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The contribution of multinational corporations to U.S. productivity growth, 1977-2000

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Abstract

In this paper, we decompose aggregate labor productivity growth in order to gauge the relative importance of multinational corporations (MNCs) to the economic performance of the United States in the 1990s. As we define it, the MNC sector refers to the U.S. activities of multinational corporations operating in the United States. We develop productivity estimates for MNCs using (1) published and unpublished industry-level data from two surveys conducted by the Bureau of Economic Analysis and (2) productivity data for industries and major sectors from the FRB productivity system (Bartelsman and Beaulieu 2003, 2004). The resulting MNC sector accounted for about 40 percent of the gross product of all nonfinancial corporations and all of the pickup in nonfinancial corporate labor productivity in the late 1990s. Accordingly, the MNC sector accounted for more than half of the acceleration in labor productivity growth of all U.S. nonfarm private businesses.

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  • Carol Corrado & Paul Lengermann & Lawrence Slifman, 2007. "The contribution of multinational corporations to U.S. productivity growth, 1977-2000," Finance and Economics Discussion Series 2007-21, Board of Governors of the Federal Reserve System (U.S.).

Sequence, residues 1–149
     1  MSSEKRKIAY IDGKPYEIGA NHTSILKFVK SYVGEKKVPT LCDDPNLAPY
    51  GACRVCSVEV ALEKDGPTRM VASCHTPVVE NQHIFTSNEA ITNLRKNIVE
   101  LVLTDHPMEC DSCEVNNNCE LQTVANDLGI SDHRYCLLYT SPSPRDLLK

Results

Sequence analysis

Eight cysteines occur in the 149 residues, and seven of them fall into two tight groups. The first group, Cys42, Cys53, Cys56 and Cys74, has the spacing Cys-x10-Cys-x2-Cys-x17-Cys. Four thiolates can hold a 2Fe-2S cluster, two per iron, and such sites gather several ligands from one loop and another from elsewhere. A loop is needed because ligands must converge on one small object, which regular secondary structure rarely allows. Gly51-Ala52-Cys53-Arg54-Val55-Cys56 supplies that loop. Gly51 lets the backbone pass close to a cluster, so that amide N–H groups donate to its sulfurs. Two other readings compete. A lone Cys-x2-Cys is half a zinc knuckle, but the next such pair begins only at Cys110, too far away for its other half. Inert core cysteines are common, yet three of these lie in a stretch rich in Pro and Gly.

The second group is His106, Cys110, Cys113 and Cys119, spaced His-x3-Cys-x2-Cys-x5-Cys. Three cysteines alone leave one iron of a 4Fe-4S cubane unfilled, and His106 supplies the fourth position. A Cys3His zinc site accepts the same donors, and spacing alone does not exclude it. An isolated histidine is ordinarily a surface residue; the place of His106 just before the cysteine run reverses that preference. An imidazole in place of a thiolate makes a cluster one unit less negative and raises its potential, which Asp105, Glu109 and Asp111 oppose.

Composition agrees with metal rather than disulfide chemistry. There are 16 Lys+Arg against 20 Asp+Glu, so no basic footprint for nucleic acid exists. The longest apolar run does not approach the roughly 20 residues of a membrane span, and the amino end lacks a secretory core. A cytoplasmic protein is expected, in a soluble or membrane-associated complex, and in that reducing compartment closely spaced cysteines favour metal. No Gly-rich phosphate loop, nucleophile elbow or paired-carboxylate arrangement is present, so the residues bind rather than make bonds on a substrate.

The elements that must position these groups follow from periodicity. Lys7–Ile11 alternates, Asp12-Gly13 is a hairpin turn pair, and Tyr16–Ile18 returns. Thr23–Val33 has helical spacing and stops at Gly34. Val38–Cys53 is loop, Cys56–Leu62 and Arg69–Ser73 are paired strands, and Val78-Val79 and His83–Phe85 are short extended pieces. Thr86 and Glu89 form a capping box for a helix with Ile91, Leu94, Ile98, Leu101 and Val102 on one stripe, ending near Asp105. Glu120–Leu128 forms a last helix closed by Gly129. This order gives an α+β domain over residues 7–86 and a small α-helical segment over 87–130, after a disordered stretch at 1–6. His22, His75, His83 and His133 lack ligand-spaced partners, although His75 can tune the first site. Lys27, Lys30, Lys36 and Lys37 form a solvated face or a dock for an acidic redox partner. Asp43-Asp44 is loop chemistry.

• Handle: RePEc:fip:fedgfe:2007-21
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    Cited by:

    1. Contessi, Silvio, 2015. "Multinational firms׳ entry and productivity: Some aggregate implications of firm-level heterogeneity," Journal of Economic Dynamics and Control, Elsevier, vol. 61(C), pages 61-80.

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    International business enterprises; Labor productivity; Industrial productivity;
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